Concise Encyclopedia of Tufts History

Sauer, Anne

Branco, Jessica

Bennett, John

Crowley, Zachary


Dolbear, Amos Emerson, 1837-1910


Amos Emerson Dolbear (1837-1910), known to his students at Tufts as "Dolly," chaired the Department of Astronomy and Physics at the college beginning in 1874. He was a "theoretical scientist" who enjoyed the discovery of new possibilities, including his pioneering research concerning telephony.

Dolbear was born in Norwich, Connecticut, on November 10, 1837.Following his father's death, he and his mother moved to Newport, Rhode Island, where he remained with his mother until her death in 1847.He then went to live on a relative's farm in New Hampshire and eventually was sent to Worcester, Massachusetts, to learn a trade. He was employed briefly by a pistol-making factory. At the age of eighteen, he headed west, finding employment as a school teacher in Missouri. Suffering from poor health, he soon returned to New England and continued to carry out physically laborious jobs in Rhode Island and Massachusetts.

Desiring a better education in order to advance professionally, Dolbear enrolled in Ohio Wesleyan University. As a result of his upstanding performance, he soon became an assistant in both the Physics and Chemistry Departments. He graduated in 1866 following two years of study and became an assistant instructor in the Chemistry Department the University of Michigan. He received two degrees, an M.A. and a M.E. from Michigan. Dolbear then assumed the position of assistant professor of Natural History at Kentucky University. After two years he moved on to become professor of Physics and Chemistry at Bethany College in 1868.In 1869, he married Alice Hood, with whom he had six children. Before leaving West Virginia, he served as the Bethany's mayor from 1871-1872.

In 1874, Dolbear arrived at Tufts College, accepting the chair of the Physics and Astronomy Department and continued to pursue his interest of the study of the convertibility of sound into electricity. He stayed at the college for the remainder of his academic career.

Dolbear contributed many notable inventions to the scientific world, including the static telephone, the electric gyroscope used to demonstrate the Earth's rotation, the opeidoscope, and a new system of incandescent lighting. His research on the static telephone was conducted in his laboratory on the top floor of Ballou Hall, and the first transmissions using the device were made from Ballou to his house on Professors Row. He published several books, articles, and pamphlets, including "Matter, Ether, Motion," and was recognized for his contributions to science at both the Paris Exposition in 1881 and the Crystal Palace Exposition in 1882.

Dolbear was amember of the American Association ofArts and Sciences, the American Association for the Advancement of Science and an examiner at the World's Fair.

Dolbear was one of only three faculty members to offer unqualified support of the College's decision to admit women beginning in 1892. In 1905-6, he became the first faculty member to be granted permission for a full academic year's leave with pay prior to the establishment of a sabbatical leave program in 1908.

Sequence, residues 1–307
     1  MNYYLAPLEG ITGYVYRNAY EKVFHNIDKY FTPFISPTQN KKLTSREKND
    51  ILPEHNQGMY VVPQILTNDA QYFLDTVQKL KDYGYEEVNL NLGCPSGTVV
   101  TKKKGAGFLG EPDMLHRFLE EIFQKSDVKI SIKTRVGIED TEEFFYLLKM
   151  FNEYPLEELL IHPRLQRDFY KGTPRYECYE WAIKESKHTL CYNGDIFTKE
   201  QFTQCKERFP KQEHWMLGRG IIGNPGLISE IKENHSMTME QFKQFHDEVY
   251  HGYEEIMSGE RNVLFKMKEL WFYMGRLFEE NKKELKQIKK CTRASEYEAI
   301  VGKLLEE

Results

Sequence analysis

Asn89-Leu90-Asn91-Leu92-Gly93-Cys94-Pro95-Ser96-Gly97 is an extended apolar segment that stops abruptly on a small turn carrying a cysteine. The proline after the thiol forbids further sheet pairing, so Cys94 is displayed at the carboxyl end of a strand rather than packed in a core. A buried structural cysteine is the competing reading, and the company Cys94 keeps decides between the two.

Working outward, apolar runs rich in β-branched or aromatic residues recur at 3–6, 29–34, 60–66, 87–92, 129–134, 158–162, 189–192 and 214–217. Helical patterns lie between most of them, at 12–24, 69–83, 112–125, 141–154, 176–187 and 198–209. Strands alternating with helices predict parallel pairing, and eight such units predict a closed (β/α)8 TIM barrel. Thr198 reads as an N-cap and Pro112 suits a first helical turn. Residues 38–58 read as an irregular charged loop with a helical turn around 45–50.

Dolbear died in February of 1910 following a long illness.

Source: TCG, HTC

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  • The encyclopedia seeks to capture more than 150 years of Tufts' achievements, societal contributions and outstanding alumni and faculty in concise entries. As a source of accurate factual information, the Encyclopedia can be used by anyone interested in the history of Tufts and of the people who have made it the unique institution it is.
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Numeric Entries
Dame, Lorin Low, 1838-1903
Dana, Charles A., 1881-1975
Dana Laboratory, 1963
Daniel Ounjian Prize in Economics,
Davies, Caroline Stodder, 1864-1939
Davies House, 1894
De Florez Prize in Human Engineering, 1964
de Pacheco, Kaye MacKinnon, ca. 1910-ca. 1985
Dean Hall, 1887-1963
Dean, Oliver, 1783-1871
Dearborn, Heman Allen, 1831-1897
Department of Anatomy and Cellular Biology, 1893
Department of Anesthesia, 1970
Department of Art and Art History, 1930
Department of Biochemistry, 1893
Department of Chemistry, 1882
Department of Community Health, 1930
Department of Dermatology, 1897
The Department of Economics, 1946
Department of Medicine, 1893
Department of Molecular Biology and Microbiology
Department of Neurology, 1893
Department of Neuroscience, 1983
Department of Neurosurgery, 1951
Department of Obstetrics and Gynecology, 1893
Department of Ophthamology, 1893
Department of Orthopedic Surgery, 1906
Department of Otolaryngology, 1895
Department of Pathology, 1893
Department of Pediatrics, 1930
Department of Pharmacology, 1915
Department of Physics and Astronomy, 1854
Department of Physiology, 1893
Department of Psychiatry, 1928
Department of Radiation Oncology, 1968
Department of Radiology, 1915
Department of Rehabilitation Medicine, 1955
Department of Surgery, 1893
Department of Urban and Environmental Policy, 1973
Department of Urology, 1910
Dental Health Sciences Building, 1969
Dewick, Cora Alma (Polk), 1875-1977
Dewick/MacPhie Dining Hall, 1959
Dickson Professorship of English and American History, 1913
Dirlam, Arland A., 1905-1979
Dog Cart, 1900
Dolbear, Amos Emerson, 1837-1910
Donald A. Cowdery Memorial Scholarship, 1946
Dr. Benjamin Andrews Professorship of Surgery, 1987
Dr. Philip E. A. Sheridan Prize, 1977
The Drug Bust, 1970
Dudley, Henry Watson, 1831-1906
Dugger, Edward Jr., 1919-75
Durkee, Frank W., 1861-1939
Durkee, Henrietta Noble Brown, 1871-1946
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